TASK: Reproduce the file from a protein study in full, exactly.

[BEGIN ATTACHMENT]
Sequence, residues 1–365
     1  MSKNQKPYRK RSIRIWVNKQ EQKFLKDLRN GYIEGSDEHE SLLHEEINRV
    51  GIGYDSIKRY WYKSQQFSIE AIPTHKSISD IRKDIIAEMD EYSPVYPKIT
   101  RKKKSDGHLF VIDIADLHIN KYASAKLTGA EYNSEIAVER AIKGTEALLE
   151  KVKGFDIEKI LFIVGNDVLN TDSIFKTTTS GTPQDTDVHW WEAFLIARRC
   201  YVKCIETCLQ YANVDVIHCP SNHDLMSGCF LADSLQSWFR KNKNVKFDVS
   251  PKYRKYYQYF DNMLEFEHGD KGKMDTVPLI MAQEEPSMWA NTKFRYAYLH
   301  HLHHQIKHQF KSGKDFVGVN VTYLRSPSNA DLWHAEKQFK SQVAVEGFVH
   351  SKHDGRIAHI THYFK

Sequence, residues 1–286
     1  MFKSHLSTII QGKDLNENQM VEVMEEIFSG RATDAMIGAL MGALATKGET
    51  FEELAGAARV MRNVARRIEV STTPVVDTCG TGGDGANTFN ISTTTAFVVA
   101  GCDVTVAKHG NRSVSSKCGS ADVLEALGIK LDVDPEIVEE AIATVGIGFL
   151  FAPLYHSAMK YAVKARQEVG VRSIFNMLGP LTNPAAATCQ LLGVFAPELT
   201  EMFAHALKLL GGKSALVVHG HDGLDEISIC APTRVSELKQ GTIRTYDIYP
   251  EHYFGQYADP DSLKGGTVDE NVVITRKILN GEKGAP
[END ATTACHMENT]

Sequence, residues 1–365
     1  MSKNQKPYRK RSIRIWVNKQ EQKFLKDLRN GYIEGSDEHE SLLHEEINRV
    51  GIGYDSIKRY WYKSQQFSIE AIPTHKSISD IRKDIIAEMD EYSPVYPKIT
   101  RKKKSDGHLF VIDIADLHIN KYASAKLTGA EYNSEIAVER AIKGTEALLE
   151  KVKGFDIEKI LFIVGNDVLN TDSIFKTTTS GTPQDTDVHW WEAFLIARRC
   201  YVKCIETCLQ YANVDVIHCP SNHDLMSGCF LADSLQSWFR KNKNVKFDVS
   251  PKYRKYYQYF DNMLEFEHGD KGKMDTVPLI MAQEEPSMWA NTKFRYAYLH
   301  HLHHQIKHQF KSGKDFVGVN VTYLRSPSNA DLWHAEKQFK SQVAVEGFVH
   351  SKHDGRIAHI THYFK

Sequence, residues 1–286
     1  MFKSHLSTII QGKDLNENQM VEVMEEIFSG RATDAMIGAL MGALATKGET
    51  FEELAGAARV MRNVARRIEV STTPVVDTCG TGGDGANTFN ISTTTAFVVA
   101  GCDVTVAKHG NRSVSSKCGS ADVLEALGIK LDVDPEIVEE AIATVGIGFL
   151  FAPLYHSAMK YAVKARQEVG VRSIFNMLGP LTNPAAATCQ LLGVFAPELT
   201  EMFAHALKLL GGKSALVVHG HDGLDEISIC APTRVSELKQ GTIRTYDIYP
   251  EHYFGQYADP DSLKGGTVDE NVVITRKILN GEKGAP